TelAPI Ruby Gem

See to signup for TelAPI.


Add this line to your application's Gemfile:

gem 'telapi'

And then execute:

$ bundle

Or install it yourself as:

$ gem install telapi

Authentication and Configuration

Every API request requires a valid account_sid and auth_token. By default these are set to nil, so your application should set them in its configuration (e.g. Ruby on Rails initializer).

For example:

Telapi.config do |config|
  config. = 'abc123'
  config.auth_token  = 'xyz567'

You can also set individual settings directly:

Telapi.config.ssl_ca_path = '/some/path'

Inspecting the current configuration returns a hash:

p Telapi.config # (or Telapi.config.inspect)
#=> {:base_uri=>"", :ssl_ca_path=>"/some/path", :account_sid=>'abc123', :auth_token=>'xyz567'}


Minimal code is needed to retrieve objects and perform operations. There's no need to instantiate a client object -- work directly with the desired classes.

Most classes provide identically named class and instance methods for ultimate flexibility. For example, to hang up an existing call, you can call either of the following:

call = Telapi::Call.get('123abc')

# avoids an additional network request

Individual objects are wrapped into a Resource instance, which exposes all of the attributes documented in the TelAPI documentation as accessors and avoids the need to deal with direct JSON responses in your application code. A convenient attributes method allows you to dump out the object's values.

# => { ...hash of keys and values... }

Methods that return collections wrap Resource objects in a Resource Collection instance, which behaves similar to an Array, but also includes meta info about totals, page size, current page, etc.


Detailed documentation can be found at RubyDoc and the official TelAPI documentation site.

Usage Examples - REST API

Refer to the documentation for more examples.

Get account details

acct = Telapi::Account.get
acct.friendly_name    # => "My Account"
acct.  # => "25.000"

Get available numbers

numbers = Telapi::AvailablePhoneNumber.list('US', :AreaCode => '805')
numbers.each { |n| puts n.phone_number }
# => +18052585701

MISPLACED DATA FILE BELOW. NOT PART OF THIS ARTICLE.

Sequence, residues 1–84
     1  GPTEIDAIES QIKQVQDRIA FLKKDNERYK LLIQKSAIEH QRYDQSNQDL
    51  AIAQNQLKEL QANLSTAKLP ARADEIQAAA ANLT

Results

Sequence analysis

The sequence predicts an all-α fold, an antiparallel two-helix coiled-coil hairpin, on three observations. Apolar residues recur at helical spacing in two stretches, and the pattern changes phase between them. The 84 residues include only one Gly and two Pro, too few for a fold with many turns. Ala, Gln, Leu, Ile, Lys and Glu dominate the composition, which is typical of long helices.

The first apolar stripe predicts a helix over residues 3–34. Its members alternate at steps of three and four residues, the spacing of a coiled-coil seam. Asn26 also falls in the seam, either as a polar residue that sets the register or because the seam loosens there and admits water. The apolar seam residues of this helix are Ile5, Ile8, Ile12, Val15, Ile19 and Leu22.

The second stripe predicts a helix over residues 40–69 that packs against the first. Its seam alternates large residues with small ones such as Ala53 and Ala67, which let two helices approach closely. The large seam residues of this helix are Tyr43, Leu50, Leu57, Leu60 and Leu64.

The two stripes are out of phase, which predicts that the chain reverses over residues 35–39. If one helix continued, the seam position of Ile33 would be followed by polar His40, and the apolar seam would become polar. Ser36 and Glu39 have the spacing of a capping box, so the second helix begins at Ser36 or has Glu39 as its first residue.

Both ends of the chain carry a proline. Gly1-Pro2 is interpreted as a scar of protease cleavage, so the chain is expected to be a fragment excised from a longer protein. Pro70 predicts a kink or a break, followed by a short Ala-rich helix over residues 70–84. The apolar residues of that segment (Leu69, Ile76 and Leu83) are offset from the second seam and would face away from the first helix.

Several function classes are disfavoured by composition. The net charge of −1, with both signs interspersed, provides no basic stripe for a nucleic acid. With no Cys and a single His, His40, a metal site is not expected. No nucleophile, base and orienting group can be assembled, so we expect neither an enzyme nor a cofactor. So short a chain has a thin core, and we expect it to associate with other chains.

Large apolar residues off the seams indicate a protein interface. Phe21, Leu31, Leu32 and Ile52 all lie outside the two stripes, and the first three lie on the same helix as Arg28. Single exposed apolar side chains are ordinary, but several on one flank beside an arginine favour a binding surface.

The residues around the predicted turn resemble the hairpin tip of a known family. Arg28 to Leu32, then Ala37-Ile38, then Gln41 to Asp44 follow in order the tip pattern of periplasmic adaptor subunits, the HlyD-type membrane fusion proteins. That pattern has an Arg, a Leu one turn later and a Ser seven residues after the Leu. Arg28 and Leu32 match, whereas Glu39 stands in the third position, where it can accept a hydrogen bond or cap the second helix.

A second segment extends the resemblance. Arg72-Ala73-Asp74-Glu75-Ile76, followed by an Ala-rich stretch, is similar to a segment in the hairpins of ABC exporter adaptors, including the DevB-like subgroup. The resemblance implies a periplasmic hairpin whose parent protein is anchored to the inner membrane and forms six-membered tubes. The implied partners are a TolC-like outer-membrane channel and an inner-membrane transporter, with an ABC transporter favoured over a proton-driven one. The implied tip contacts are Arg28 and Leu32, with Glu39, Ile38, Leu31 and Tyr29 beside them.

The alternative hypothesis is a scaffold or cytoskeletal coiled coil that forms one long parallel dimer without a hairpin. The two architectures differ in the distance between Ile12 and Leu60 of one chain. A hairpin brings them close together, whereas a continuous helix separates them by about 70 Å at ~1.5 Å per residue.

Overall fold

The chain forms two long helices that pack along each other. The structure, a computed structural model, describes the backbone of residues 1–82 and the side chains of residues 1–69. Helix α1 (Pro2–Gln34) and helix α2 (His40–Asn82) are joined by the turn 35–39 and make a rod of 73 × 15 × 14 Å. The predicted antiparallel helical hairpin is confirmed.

#    +18052585702

Get list of calls

Telapi::Call.list # => returns ResouceCollection of Telapi::Call objects

Make a call

Telapi::Call.make('12223334444', '13334445555', 'http://mycallback...')

Record a call

call = Telapi::Call.get('123abc')

# or invoke the class method to avoid an additional network request

Send an SMS message

Telapi::Message.create('12223334444', '13334445555', 'Hey you')

Transcribe audio


Caller ID


Usage Examples - Inbound XML


ix = do
  Say('Hello.', :loop => 3, :voice => 'man')
  Say('Hello, my name is Jane.', :voice => 'woman')
  Say('Now I will not stop talking.', :loop => 0)


# results in the following XML:
# <?xml version="1.0"?>
# <Response>
#   <Say loop="3" voice="man">Hello.</Say>
#   <Say voice="woman">Hello, my name is Jane.</Say>
#   <Say loop="0">Now I will not stop talking.</Say>
# </Response>

Play { Play('', :loop => 3) }

Gather do
  Gather(:action      => '',
         :method      => 'GET',
         :numDigits   => '4',
         :finishOnKey => '#') {
    Say 'Please enter your 4 digit pin.'

SMS Response do
    'Test message sent from TelAPI!',
    :action => '',
    :method => 'POST',
    :from => '1112223333',
    :to => '3334445555',
    :statusCallback => ''


Currently targeted for Ruby 1.9.


  1. Fork it
  2. Create your feature branch (git checkout -b my-new-feature)
  3. Commit your changes (git commit -am 'Add some feature')
  4. Push to the branch (git push origin my-new-feature)
  5. Create new Pull Request